Analysis: CBR talks to industry experts about the trials and tribulations of securing connected cars.
For the second year in a row at the cyber security industry conference Black Hat, the hacking of a connected car captured headlines.
Charlie Miller and Chris Valasek hacked into a Jeep Cherokee by sending false messages to the car’s internal network and overriding the correct ones. The hack allowed them to force the vehicle to turn sharply, speed up or brake suddenly.
It’s not hard to see why the hacking of a connected car captures the imagination in such a way. While there are many ways that cyber attacks could endanger lives, the idea of an unseen attacker wresting control of your steering wheel away from you is understandably terrifying.
Valasek’s former company (both men now work at Uber) IO Active was behind the duo’s hack the previous year, when they managed to hack a jeep while a reporter from Wired was driving.
The firm recently released a whitepaper looking at common vulnerabilities in connected cars, assessing them in terms of the impact that they would have and the likelihood of them being exploited.
The vulnerabilities given rankings from Informational at the very bottom, through Low, Medium and High up to Critical.
In terms of impact, critical and high vulnerabilities made up 50 percent of the total vulnerabilities. In terms of likelihood, they made up 28 percent, while medium vulnerabilities made up 43 percent.
The five most common vulnerabilities, in descending order, were information disclosures, coding logic errors, buffer overflows, hardcoded credentials and backdoors.
The white paper concluded that “the majority of vehicle cybersecurity vulnerabilities are not solvable using ‘bolt-on’ solutions, instead relying on sound engineering, software development practices, and cybersecurity best practices.”
Corey Thuen, Senior Security Consultant at IOActive, tells CBR that the reason so many vulnerabilities are being discovered in cars post-manufacture is that security is a “relatively new concern” for the automotive industry.
As Kaspersky Lab’s David Emm says, this means it’s “critical that manufacturers are thinking about introducing security measures now, before the product comes to market.”
While Thuen says that the industry has been making “improvements in the awareness department”, the eternal problem of return of investment rears its ugly head.
“As we’ve seen in other industries, it can still be difficult to get appropriate spending in security,” he says.
A starting point, Thuen says, would be to follow the security industry’s best practices.
“The majority of vulnerabilities stem from a lack of understanding of security and a failure to incorporate the lessons learned over the past few decades.
“Microsoft, for example, got some black eyes in the security ring, the automotive industry should watch tape of that fight and learn from it.”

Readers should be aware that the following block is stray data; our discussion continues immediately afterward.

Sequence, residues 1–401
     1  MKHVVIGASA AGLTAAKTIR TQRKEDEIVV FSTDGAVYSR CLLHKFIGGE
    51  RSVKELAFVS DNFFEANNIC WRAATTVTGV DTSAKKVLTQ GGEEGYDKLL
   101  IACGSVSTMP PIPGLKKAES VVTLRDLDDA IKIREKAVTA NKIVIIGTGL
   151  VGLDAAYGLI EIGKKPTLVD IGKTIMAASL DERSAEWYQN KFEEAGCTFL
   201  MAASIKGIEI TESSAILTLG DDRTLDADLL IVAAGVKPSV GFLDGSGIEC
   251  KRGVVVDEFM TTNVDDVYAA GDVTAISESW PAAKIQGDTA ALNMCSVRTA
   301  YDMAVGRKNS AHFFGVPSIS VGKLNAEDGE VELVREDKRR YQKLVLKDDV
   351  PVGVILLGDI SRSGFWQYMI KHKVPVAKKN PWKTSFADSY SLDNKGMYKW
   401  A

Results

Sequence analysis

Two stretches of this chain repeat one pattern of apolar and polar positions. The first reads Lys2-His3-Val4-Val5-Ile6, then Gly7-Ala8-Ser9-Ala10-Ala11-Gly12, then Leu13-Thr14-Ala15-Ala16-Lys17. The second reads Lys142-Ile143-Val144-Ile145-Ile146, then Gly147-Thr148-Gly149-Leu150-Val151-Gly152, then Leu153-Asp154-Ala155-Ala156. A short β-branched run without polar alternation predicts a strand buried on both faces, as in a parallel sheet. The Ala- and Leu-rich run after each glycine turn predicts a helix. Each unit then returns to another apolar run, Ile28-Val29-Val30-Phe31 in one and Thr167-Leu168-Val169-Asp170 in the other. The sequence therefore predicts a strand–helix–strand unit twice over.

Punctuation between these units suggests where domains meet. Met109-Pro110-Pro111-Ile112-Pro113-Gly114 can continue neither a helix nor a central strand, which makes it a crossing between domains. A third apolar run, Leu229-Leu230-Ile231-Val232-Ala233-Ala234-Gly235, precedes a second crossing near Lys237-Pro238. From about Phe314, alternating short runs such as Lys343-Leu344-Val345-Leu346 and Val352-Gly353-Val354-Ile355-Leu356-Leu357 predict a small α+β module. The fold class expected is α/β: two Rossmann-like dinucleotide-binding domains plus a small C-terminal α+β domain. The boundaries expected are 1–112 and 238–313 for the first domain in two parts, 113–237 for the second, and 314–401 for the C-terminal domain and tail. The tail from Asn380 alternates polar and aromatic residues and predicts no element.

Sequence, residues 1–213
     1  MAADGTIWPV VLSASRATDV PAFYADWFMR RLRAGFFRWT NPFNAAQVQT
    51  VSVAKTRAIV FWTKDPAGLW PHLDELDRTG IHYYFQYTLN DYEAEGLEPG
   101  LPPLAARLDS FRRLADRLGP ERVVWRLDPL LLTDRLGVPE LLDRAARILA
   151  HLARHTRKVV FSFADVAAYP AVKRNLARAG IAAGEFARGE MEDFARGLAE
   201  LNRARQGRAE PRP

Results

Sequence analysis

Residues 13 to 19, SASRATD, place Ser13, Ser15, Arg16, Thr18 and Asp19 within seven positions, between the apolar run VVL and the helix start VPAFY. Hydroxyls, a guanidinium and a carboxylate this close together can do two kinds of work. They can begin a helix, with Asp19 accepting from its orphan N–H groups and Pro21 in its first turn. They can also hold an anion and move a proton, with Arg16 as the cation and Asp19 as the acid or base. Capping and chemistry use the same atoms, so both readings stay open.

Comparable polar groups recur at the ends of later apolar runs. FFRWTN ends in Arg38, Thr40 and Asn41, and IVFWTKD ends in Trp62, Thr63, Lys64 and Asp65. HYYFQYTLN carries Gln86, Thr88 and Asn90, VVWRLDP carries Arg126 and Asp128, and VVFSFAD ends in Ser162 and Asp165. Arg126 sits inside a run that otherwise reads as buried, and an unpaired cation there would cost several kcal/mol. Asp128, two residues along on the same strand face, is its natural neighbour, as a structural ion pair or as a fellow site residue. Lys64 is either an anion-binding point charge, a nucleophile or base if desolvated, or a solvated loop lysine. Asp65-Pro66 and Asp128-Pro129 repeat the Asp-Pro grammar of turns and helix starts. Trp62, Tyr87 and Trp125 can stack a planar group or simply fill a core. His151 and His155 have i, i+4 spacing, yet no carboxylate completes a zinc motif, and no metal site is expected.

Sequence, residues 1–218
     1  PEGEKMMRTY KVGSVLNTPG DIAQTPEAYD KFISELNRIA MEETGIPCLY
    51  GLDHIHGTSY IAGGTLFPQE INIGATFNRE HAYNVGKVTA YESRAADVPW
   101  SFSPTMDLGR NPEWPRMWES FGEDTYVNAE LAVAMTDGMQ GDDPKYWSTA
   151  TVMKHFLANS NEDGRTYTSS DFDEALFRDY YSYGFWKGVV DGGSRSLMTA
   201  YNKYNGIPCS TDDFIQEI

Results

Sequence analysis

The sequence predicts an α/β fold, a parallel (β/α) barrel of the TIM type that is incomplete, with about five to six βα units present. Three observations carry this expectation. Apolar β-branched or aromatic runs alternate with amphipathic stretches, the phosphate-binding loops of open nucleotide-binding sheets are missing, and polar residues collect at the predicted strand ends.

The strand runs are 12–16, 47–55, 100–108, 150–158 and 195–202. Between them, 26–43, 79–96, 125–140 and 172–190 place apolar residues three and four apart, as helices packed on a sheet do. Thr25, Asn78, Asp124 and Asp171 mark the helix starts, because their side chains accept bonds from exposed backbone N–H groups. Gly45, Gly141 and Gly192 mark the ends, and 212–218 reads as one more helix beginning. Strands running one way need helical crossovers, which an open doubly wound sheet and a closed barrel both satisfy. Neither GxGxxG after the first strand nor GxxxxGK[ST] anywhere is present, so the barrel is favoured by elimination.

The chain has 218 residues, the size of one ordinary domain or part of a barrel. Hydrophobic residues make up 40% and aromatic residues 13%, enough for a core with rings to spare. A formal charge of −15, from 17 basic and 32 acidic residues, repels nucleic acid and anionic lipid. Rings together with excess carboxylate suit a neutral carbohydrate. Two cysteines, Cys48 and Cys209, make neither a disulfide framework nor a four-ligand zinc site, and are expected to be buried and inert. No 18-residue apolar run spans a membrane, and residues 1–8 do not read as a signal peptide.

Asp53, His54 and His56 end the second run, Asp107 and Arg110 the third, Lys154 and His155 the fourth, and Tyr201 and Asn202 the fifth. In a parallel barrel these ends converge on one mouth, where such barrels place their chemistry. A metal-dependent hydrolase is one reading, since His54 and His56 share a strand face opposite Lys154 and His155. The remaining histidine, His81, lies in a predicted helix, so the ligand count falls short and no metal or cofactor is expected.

Manfred Kube, Head of M2M Segment, Gemalto, says that tamper-proof hardware and software is essential.
He adds that manufacturers should ensure that “operating software is encrypted and signed with securely managed encryption keys, and strong authentication solutions are used.”
Mark Hughes, CEO of BT Security, says that the solution is to start considering cyber security in the same way as other safety standards.
“On top of normal crash tests automotive bodies need to impose comprehensive cyber security analysis within safety tests so that manufacturers know when vehicles are vulnerable to hackers.”
It might take some time for the manufacturers to sort out these security vulnerabilities. For drivers who find their vehicles becoming ever more connected, however, some time isn’t good enough. What can owners do now to make sure they are safe?
Chris Oakley, Managing Principal Security Consultant at UK cyber security and risk management consultancy Nettitude, says that auxiliary functions should be disabled or avoided if unused.
He cites, for example, the option to control various components of the car using a mobile application as one such auxiliary functions.
He says that this will minimise the attack surface, but overall, there is a “dearth” of reliable information to keep consumers well informed.
David Emm says that “owners of next generation cars must learn that threats, specific to the computer world now apply to connected vehicles and take these risks into account.”
Even if the consequences of the attack are not fatal, the same thorny issues involved in conventional car crashes present themselves: issues of liability and responsibility. Is the driver responsible, for example, if their connected car is hacked and causes harm to a third party?
Andrew Joint, Commercial Technology Partner at Kemp Little says that ultimate liability rests with the hackers themselves.
However, he says that some responsibility will fall upon the car manufacturers.
“A driver buys a car and the law typically puts an obligation on the manufacturer to make sure the door or ignition locks work to an appropriate standard –the law will likely apply similar tests to the protections surrounding a computer system in a car.”
With connected cars now increasingly common on our roads, it is important that manufacturers, governments and the drivers themselves approach the security of connected vehicles with care.